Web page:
A different way of delivering ads based upon location would be to attempt to understand the location of the site, if it has one associated with it, and serve yellow pages styled ads on that page. A patent application assigned to Microsoft, and released this week explores ways to display ads related to what it believes is the location of a site.
I don’t just love Eric Weaver’s post “Direct Marketing: A Science of Stupidities” (no longer available) because he starts off his own list of ten steps to successful marketing with “become search friendly.”
I love it because he offers ten more suggestions that are spot on. And because he provides some great and snarky opinions on some other “best practices” of intrusive marketing.
Thanks to Anthony Garcia at Future Now for pointing it out.
I’ve recently done some Google mobile searches, including a local search where a map and a telephone number was displayed for the pizza shop that I was looking for.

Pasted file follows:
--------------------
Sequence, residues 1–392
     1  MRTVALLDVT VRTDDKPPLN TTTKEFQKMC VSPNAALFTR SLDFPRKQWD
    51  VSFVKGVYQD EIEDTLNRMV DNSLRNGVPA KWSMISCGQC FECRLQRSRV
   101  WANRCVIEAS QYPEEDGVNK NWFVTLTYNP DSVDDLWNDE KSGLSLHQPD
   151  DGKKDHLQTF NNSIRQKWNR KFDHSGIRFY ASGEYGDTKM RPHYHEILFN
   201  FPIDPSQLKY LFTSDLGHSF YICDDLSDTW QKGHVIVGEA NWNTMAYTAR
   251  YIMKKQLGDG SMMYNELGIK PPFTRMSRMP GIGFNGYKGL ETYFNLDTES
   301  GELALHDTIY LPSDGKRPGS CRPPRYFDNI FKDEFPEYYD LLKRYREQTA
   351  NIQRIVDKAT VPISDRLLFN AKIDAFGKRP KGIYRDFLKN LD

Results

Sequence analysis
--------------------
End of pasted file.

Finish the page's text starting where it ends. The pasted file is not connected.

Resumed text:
It’s a nice feature.
One thing I’ve wondered is if we will see ads from Google on mobile searches. If we do, this patent application published earlier today might describe a little about how they might work.
Advertisements for devices with call functionality, such as mobile phones
United States Patent Application 20060004627
Inventor: Shumeet Baluja
Published January 5, 2006
Filed: June 30, 2004
Trying to quickly understand how well an online advertising campaign is doing is important.